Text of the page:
The National Archives, with its partner Archives.com, has just launched its new website www.1940census.archives.gov in preparation for its first-ever online U.S. census release, which will take place on April 2, 2012. The public is encouraged to bookmark the website now in order to more quickly access the 1940 census data when it goes live. No other website will host the 1940 census data on its April 2 release date.
Users will be able to search, browse, and download the 1940 census schedules, free of charge, from their own computers or from the public computers at National Archives locations nationwide through the new 1940 census website: www.1940census.archives.gov.
A National Archives 3:13 minute video short on its YouTube channel (http://tiny.cc/1940Census) and on www.1940census.archives.gov provides a “behind-the-scenes” view of staff preparations and gives viewers tips on how to access the data once it is launched on April 2.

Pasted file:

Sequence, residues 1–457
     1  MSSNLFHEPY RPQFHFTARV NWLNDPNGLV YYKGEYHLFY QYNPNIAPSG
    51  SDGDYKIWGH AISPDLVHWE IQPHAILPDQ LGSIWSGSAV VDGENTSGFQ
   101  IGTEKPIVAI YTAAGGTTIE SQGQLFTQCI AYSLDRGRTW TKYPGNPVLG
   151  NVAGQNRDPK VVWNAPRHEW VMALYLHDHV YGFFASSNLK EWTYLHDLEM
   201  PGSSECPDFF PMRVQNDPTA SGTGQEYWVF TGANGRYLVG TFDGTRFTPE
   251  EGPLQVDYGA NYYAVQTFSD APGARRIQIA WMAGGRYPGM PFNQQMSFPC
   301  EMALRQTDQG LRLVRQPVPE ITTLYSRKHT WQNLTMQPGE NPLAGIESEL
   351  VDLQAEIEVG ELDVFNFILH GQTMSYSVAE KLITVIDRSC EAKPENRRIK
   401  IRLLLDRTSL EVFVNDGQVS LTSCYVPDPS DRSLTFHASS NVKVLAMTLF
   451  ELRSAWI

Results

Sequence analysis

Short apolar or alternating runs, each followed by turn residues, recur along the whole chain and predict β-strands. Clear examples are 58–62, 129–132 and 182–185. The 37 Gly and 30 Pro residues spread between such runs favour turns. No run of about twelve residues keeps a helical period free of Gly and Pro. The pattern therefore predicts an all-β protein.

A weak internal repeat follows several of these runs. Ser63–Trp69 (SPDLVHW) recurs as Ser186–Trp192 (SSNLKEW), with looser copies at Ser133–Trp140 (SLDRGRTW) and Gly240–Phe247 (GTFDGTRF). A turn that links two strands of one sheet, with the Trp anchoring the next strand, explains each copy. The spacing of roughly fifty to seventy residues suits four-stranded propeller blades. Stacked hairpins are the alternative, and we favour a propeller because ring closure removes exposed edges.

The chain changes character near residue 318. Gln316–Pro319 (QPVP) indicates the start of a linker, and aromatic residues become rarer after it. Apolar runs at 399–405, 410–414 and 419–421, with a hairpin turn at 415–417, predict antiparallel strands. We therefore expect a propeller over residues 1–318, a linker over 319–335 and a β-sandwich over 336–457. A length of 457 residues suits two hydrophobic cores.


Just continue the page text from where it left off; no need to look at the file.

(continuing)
Many of the questions on the 1940 census are the standard ones: name, age, gender, and race, education, and place of birth. But the 1940 census also asks many new questions, some reflecting concerns of the Great Depression. The instructions ask the enumerator to enter a circled x after the name of the person furnishing the information about the family; whether the person worked for the CCC, WPA, or NYA the week of March 24–30, 1940; and income for the 12 months ending December 31, 1939. The 1940 census also has a supplemental schedule for two names on each page. The supplemental schedule asks the place of birth of the person's father and mother; the person's usual occupation, not just what they were doing the week of March 24–30, 1940; and for all women who are or have been married, has this woman been married more than once and age at first marriage.
For the release of the 1940 census online, the National Archives has digitized the entire census, creating more than 3.8 million digital images of census schedules, maps, and enumeration district descriptions.